It sounded like a freight train as the wall of water passed overhead and woke me Sunday evening. The ominous storm, akin to Voldemort’s descension from a Harry Potter movie, looked like a scene from a disco, a rhythmic flash pulsing the night sky. The storm unleashed a necessary but ferocious downpour. Thankfully, the soil is now well-saturated, tempering the fire danger, and nitrogen-richer too.
Lightening literally releases nitrogen in the atmosphere and the rain carries it down to the soil where plants can grow. After a good thunderstorm, the grass and trees look more verdant — one of nature’s many awesome gifts. The Sunday storm’s strength was impressive with the pelting of hard rain (and hail?) damaging my veggie starts. Miraculously, the petals on the heads of my poppies withstood the deluge Sunday night.
Summer break is upon us, changing the schedules and rhythms of families across the valley. Camps are mostly filled up for the season, but it never hurts to check with camp organizers to see if there’s been a cancellation. We, for instance, had to cancel a registration for this week’s soccer camp due to a foot injury, opening a slot for some lucky soccer wannabe.
This first true week of summer break for valley kids has them a bit high and dry as they await the opening of the Wagner Memorial Pool, delayed by one week due to the lags in lifeguard hiring and training. Opening is scheduled for Saturday (June 19). Methow Valley Killer Whales will hit the lanes starting Monday (June 21). Meanwhile, the heat wave that came through earlier warmed Pearrygin Lake temperatures to as high as 68 degrees last week, so swimmers have been able to comfortably take a plunge. Patterson Lake also has welcomed some swimmers, but still needs a few hot days to be more inviting.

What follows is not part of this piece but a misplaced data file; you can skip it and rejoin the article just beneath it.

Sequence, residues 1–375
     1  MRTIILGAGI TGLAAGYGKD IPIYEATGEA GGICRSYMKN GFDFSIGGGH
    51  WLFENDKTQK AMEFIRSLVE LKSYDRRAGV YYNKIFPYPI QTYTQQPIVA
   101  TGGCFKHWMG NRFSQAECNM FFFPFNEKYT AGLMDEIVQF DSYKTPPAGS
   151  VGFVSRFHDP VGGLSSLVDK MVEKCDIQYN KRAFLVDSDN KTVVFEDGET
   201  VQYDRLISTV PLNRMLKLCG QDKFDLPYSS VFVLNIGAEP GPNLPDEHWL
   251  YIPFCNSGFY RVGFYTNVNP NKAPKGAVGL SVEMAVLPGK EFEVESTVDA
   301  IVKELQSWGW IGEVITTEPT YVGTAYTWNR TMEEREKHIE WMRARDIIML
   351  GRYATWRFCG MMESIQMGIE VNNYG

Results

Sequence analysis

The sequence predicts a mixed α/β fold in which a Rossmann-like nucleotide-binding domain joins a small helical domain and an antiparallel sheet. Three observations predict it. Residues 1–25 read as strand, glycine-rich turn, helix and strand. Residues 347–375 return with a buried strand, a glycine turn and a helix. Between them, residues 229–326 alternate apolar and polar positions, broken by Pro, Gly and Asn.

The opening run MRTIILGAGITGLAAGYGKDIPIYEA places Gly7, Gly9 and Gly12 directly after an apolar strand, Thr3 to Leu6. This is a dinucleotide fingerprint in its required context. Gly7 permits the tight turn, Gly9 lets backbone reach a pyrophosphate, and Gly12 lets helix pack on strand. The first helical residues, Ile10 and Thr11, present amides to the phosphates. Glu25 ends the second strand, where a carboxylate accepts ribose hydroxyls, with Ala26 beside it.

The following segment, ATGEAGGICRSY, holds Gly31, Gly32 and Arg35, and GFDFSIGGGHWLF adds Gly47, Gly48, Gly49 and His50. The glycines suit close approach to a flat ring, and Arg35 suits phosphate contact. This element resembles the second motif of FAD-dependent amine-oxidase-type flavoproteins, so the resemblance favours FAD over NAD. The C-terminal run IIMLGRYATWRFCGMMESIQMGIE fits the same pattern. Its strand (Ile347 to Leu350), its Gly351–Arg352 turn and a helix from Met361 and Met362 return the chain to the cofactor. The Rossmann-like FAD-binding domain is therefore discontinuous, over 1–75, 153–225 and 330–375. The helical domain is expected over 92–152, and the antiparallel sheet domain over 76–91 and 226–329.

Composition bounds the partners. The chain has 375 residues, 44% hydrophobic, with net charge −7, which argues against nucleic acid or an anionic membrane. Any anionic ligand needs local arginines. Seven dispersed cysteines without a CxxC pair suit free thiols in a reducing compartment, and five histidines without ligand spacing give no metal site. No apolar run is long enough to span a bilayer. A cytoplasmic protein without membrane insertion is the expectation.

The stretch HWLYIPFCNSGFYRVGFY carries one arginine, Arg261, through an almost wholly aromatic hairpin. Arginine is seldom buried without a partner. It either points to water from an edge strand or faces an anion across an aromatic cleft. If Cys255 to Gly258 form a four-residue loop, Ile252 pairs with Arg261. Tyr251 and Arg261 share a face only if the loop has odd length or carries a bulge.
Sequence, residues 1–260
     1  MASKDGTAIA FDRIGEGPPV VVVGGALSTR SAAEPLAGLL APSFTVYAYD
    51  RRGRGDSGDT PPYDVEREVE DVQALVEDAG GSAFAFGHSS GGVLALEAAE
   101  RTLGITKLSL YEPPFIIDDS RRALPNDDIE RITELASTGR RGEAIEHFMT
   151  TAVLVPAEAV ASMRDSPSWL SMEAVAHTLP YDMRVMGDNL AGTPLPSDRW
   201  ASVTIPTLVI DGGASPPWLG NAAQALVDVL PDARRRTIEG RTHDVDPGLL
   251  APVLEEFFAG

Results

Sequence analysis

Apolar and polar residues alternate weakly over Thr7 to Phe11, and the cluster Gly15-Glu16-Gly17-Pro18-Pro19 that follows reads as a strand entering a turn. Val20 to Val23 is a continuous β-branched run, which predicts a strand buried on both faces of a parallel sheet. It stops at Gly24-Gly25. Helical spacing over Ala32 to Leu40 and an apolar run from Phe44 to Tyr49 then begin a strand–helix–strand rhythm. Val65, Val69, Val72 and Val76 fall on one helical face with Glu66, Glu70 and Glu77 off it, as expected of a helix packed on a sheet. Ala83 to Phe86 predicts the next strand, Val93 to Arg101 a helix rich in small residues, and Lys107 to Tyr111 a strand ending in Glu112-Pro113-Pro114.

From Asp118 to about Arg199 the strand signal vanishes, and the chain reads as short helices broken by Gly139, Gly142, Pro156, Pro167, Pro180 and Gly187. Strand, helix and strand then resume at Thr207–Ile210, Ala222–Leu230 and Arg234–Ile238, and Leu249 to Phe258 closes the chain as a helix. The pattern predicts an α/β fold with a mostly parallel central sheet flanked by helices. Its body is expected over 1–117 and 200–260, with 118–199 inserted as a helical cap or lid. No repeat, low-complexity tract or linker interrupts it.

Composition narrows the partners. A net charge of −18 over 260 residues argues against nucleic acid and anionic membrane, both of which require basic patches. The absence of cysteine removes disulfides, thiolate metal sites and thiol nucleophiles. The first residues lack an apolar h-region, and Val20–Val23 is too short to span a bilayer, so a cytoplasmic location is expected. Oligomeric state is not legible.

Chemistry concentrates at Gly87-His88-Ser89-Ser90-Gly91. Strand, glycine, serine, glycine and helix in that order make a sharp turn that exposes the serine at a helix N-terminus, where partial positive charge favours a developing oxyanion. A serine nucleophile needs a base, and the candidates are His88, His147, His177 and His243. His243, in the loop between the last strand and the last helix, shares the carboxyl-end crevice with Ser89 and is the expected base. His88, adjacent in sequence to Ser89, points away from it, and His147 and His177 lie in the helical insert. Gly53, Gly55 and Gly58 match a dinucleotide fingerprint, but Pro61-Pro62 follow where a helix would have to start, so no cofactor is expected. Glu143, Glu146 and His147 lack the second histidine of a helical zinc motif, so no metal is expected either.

A trip to the library is a great summer outing and way to get out of the heat. The summer reading program for school-aged children is now open for enrollment. Kids can win prizes as they rack up hours of reading. The Twisp library will be open Tuesday through Saturday this summer from 10 a.m.-2 p.m., with additional hours on Tuesday and Wednesday from 3-7 p.m. All library programs are still virtual this summer and library patrons are asked to continue to wear masks.
Summer feels a bit constrained this year with an earlier start date for school in the fall. But alas, school isn’t starting in the fall — it’s starting Aug. 25, and last I checked that’s still smack dab in the heat of the summer. The reasons for this are many, not the least the threat of poor air quality from fires that has left many to think it may be safer to have the kids inside during these episodes. I guess this is a form of adaptation to climate change.
Adaptation is the theme of our time, so beyond the early start the school district has radically changed its schedule for the coming school year with the inclusion of half-days each Wednesday and a longer mid-February break. After a year of hybrid classes and mask-wearing to school, the kids have shown how adaptable they are. Thanks to our outstanding teachers who chose to go to work, our administration for offering after-care and day care, and community members for staffing after-school programs, our kids had a remarkably fruitful year. We all need the break, however shortened it may be.